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Ringo64

RSS Why narrower 10-foot roads may be safer than 12-foot roads

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<p>Filed under: <a href="http://www.autoblog.com/category/safety/" rel="tag">Safety</a>, <a href="http://www.autoblog.com/category/tech/" rel="tag">Technology</a>, <a href="http://www.autoblog.com/category/read-this/" rel="tag">Read This</a></p><a href="http://www.citylab.com/design/2014/10/why-12-foot-traffic-lanes-are-disastrous-for-safety-and-must-be-replaced-now/381117/"><img alt="Bicycle Buffer Zones" data-caption="A cyclist maneuvers his way through downtown Los Angeles traffic on Tuesday, Sept. 16, 2014. California Gov. Jerry Brown announced Monday, Sept. 15, 2014 that he has signed legislation requiring California drivers to stay at least 3 feet away when passing bicyclists. The proposal is intended to better protect cyclists from aggressive drivers. It states that if drivers cannot leave 3 feet of space, they must slow down and pass only when it would not endanger the cyclist's safety. (AP Photo/Richard Vogel)" data-credit="ASSOCIATED PRESS" data-mep="508075" src="http://o.aolcdn.com/dims-shared/dims3/GLOB/crop/2956x1963+21+0/resize/628x417!/format/jpg/quality/85/http://hss-prod.hss.aol.com/hss/storage/midas/bdf9ab69f5ed09a18b1e12e8a83413fd/200920709/6be1e9adabba4de09e11a88d49579d16.jpeg" /></a><br /><br />We live in a society where more is generally considered better. We want improved fuel economy from our cars, more data from our phones and a better picture from TVs. But when it comes to engineering some roads, giving drivers more room might not actually be an advantage. There's some evidence that switching from the current 12-foot standard for lanes to 10-foot-wide lanes for urban streets could boost safety. The change might potentially mean around 900 fewer fatal crashes each year.<br /><br />An article on <em>CityLab</em>, a site that brings scientific thinking to the questions of urban life, investigates the current state of traffic engineering for lane width, and the author lays down a compelling argument about making things narrower. Two-feet might not sound like a lot, but when multiplied over the whole roadway, you end up with quite a bit of extra real estate to play with.<br /><br />The piece explains some of the reasons that 12-foot lanes are the standard in the first place and then breaks each of those arguments down to show that they might be a fallacy. If nothing else, the story makes you think more about traffic engineering than you probably have in years. <a href="http://www.citylab.com/design/2014/10/why-12-foot-traffic-lanes-are-disastrous-for-safety-and-must-be-replaced-now/381117/">Read the whole story for yourself, here</a>.<p style="padding:5px;background:#ddd;border:1px solid #ccc;clear:both;"><a href="http://www.autoblog.com/2014/10/16/narrower-roads-may-be-safer/">Why narrower 10-foot roads may be safer than 12-foot roads</a> originally appeared on <a href="http://www.autoblog.com">Autoblog</a> on Thu, 16 Oct 2014 13:30:00 EST. Please see our <a href="http://www.weblogsinc.com/feed-terms/">terms for use of feeds</a>.</p><h6 style="clear: both; padding: 8px 0 0 0; height: 2px; font-size: 1px; border: 0; margin: 0; padding: 0;"></h6><a href="http://www.autoblog.com/2014/10/16/narrower-roads-may-be-safer/" rel="bookmark" title="Permanent link to this entry">Permalink</a>&nbsp;|&nbsp;<a href="http://www.autoblog.com/forward/20978076/" title="Send this entry to a friend via email">Email this</a>&nbsp;|&nbsp;<a href="http://www.autoblog.com/2014/10/16/narrower-roads-may-be-safer/#comments" title="View reader comments on this entry">Comments</a>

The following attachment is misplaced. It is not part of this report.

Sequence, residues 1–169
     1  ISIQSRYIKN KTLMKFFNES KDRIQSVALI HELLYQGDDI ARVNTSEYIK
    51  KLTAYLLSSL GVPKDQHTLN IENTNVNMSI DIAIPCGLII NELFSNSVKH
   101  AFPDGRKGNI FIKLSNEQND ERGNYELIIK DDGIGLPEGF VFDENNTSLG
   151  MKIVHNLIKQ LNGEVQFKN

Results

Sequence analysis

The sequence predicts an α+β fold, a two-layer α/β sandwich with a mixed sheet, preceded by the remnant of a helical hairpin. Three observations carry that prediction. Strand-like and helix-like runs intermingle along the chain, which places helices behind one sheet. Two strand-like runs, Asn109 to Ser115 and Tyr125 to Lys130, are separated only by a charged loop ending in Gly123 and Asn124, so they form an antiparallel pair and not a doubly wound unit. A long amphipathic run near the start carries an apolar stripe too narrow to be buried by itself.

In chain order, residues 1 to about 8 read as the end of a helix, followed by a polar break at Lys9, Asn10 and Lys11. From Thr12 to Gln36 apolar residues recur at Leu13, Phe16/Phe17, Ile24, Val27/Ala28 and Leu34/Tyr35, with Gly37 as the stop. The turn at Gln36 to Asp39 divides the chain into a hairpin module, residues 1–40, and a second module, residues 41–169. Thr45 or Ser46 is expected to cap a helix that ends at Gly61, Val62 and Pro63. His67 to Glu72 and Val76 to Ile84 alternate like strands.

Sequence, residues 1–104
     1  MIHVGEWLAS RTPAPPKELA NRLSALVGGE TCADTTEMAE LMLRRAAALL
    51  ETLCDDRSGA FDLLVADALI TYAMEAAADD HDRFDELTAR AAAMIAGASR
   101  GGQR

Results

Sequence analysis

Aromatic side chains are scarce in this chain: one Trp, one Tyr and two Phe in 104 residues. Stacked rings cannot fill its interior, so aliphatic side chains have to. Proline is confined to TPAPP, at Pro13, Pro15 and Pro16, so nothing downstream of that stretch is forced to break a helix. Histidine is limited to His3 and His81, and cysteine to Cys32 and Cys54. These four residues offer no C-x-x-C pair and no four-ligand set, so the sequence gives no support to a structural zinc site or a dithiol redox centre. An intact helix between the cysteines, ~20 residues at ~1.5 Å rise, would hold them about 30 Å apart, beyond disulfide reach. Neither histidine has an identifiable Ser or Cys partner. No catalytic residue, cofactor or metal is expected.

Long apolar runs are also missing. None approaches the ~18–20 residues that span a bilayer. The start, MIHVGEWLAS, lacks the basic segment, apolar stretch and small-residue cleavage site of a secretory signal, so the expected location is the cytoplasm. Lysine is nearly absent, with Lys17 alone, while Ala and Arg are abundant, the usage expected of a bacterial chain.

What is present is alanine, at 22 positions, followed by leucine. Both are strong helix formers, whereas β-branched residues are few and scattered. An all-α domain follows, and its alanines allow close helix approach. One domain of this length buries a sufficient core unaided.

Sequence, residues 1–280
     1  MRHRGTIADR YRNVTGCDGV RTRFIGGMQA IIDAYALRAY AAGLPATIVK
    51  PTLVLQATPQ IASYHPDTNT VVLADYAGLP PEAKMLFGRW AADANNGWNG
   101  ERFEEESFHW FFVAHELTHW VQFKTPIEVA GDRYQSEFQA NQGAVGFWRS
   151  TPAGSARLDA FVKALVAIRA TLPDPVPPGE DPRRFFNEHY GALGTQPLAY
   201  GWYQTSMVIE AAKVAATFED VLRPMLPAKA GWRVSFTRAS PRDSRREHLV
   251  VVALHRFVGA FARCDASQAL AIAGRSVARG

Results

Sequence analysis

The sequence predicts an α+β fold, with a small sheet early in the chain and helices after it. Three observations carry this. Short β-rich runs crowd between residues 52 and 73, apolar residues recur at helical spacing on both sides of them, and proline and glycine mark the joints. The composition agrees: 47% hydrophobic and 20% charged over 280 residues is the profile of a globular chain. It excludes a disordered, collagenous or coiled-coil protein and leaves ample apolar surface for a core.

http://www.autoblog.com/2014/10/16/narrower-roads-may-be-safer/

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